As the Globe noted over the weekend, the budget is going up in many areas, including $12 million going to fund reparations bills. The minimum Prop 98 guarantee, which means $115.3 billion going towards K-12 schools and community colleges, is also intact. As are Medi-Cal guarantees, $1 billion in one-time homeless housing assistance funding, and keeping in tact the 2024 Supplemental Security Income/State Supplemental Payment (SSI/SSP) base
grant increases, which includes the  3.2-percent federal SSI cost-of-living adjustment and the 9.2-percent SSP increase. So where are the final cuts coming from after months of back and forth between Newsom and the Legislature?

The initial proposed budget of $330 billion had been slashed in January by Newsom to around $291 billion, with state budget reserves taking much of the weight with $13 billion and budget cuts only coming to $8.5 billion. Overall, over $30 billion of reductions were proposed. But in the 2024-2025 budget agreement this weekend, only $16 billion in reductions made the cut.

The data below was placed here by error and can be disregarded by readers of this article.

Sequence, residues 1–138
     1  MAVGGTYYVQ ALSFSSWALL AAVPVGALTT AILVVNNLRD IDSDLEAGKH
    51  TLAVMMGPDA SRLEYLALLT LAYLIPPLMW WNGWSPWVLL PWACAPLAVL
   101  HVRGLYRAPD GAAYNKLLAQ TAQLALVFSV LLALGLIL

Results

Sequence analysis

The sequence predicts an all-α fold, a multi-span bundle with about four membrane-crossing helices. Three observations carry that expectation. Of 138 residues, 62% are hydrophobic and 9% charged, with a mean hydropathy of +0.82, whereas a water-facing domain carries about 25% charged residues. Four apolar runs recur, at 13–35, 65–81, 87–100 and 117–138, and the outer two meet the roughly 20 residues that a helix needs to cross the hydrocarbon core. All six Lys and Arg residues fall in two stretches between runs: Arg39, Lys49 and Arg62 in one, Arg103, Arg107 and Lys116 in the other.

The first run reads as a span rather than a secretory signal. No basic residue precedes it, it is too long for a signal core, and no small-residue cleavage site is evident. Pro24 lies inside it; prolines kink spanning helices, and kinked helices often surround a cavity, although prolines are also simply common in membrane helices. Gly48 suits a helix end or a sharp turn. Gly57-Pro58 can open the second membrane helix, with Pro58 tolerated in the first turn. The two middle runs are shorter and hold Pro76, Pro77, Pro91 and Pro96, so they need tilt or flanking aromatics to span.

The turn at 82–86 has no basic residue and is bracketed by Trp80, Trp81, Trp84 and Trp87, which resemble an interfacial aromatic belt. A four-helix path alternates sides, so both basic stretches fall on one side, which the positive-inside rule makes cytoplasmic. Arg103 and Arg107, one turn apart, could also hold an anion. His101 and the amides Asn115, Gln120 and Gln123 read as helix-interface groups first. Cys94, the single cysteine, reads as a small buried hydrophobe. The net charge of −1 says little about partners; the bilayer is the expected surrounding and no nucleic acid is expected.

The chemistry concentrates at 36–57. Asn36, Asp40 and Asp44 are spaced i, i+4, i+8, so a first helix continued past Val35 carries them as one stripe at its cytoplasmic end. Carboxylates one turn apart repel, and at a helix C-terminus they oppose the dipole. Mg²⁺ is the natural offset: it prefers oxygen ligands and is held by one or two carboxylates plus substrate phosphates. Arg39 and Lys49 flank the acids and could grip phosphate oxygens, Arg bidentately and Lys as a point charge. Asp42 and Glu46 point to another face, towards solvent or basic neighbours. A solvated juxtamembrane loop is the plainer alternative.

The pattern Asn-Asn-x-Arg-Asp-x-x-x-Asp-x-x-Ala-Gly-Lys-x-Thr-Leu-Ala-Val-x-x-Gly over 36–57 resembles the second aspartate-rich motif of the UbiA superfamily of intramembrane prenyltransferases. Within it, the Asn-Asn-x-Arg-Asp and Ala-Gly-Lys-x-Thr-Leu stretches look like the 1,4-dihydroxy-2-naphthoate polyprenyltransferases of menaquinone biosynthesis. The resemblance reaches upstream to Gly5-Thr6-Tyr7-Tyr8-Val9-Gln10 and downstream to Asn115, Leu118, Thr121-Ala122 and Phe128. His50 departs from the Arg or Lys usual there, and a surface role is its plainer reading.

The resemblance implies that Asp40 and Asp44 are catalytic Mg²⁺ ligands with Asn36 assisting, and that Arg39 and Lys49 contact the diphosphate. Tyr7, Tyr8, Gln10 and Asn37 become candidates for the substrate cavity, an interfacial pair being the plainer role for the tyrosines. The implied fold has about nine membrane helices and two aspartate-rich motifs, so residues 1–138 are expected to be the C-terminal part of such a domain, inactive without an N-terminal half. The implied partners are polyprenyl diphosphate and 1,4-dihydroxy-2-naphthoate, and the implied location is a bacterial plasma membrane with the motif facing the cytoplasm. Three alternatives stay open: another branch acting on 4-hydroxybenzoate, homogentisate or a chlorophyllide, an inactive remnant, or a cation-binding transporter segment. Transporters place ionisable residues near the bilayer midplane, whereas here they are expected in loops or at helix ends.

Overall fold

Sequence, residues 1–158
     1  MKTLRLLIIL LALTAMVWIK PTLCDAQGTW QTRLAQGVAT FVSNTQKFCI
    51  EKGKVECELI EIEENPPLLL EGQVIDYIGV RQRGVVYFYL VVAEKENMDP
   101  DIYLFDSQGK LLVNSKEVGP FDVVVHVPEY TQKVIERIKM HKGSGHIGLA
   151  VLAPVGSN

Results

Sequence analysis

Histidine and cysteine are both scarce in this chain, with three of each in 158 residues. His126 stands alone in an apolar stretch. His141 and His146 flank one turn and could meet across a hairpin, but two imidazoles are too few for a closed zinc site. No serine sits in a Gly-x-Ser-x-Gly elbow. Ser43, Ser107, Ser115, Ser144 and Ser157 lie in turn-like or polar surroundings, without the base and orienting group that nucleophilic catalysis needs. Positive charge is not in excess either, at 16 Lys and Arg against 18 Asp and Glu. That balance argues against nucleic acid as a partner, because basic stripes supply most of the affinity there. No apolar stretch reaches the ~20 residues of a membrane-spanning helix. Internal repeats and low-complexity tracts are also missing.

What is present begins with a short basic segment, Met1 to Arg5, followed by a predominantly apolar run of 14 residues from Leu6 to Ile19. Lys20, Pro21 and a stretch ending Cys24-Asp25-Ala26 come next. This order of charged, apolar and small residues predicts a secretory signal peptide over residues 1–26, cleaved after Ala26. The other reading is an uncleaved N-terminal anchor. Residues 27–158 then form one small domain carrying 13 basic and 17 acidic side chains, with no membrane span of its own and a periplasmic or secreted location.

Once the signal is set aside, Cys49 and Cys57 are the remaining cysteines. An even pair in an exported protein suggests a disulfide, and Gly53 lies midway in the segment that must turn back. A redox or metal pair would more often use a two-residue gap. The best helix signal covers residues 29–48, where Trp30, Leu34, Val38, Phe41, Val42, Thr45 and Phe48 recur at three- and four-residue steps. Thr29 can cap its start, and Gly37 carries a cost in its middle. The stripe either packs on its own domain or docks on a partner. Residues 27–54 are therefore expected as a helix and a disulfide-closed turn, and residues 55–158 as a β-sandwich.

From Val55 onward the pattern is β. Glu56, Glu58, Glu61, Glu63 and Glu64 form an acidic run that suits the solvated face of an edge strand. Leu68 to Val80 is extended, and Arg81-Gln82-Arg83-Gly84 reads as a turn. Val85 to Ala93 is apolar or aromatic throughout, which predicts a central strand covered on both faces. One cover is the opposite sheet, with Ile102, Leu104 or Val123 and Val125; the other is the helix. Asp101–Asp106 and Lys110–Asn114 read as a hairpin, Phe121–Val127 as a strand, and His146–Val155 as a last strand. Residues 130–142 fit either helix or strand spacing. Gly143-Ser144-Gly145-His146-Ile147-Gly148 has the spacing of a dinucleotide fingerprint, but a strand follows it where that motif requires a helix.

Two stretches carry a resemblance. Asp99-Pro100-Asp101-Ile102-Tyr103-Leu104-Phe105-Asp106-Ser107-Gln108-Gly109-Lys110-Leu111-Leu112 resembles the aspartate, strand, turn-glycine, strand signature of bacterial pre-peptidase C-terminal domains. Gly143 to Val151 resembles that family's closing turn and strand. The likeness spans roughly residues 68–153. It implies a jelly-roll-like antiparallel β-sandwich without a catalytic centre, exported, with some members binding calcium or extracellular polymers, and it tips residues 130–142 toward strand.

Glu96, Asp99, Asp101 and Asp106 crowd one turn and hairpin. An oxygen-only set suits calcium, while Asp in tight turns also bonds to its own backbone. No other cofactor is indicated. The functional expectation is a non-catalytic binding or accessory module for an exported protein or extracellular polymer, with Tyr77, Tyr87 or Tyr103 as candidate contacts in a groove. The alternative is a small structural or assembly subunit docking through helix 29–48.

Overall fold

Overall, state operations were lowered by 7.95% across most departments. The reduction involves all categories, including personnel, operating costs and contracting for savings of $2.17 billion General Fund. As Newsom had added in his budget revival, a vacant position sweep across all departments would also cut back $1.5 billion, or$762.5 million in the General Fund, in 2024-25 by reducing departments’ budgets for vacant positions. $1.1 billion in affordable housing programs was also axed, along with a handful of other programs only coming to a few hundred million each. This includes a $110 million reduction in the Middle Class Scholarship program.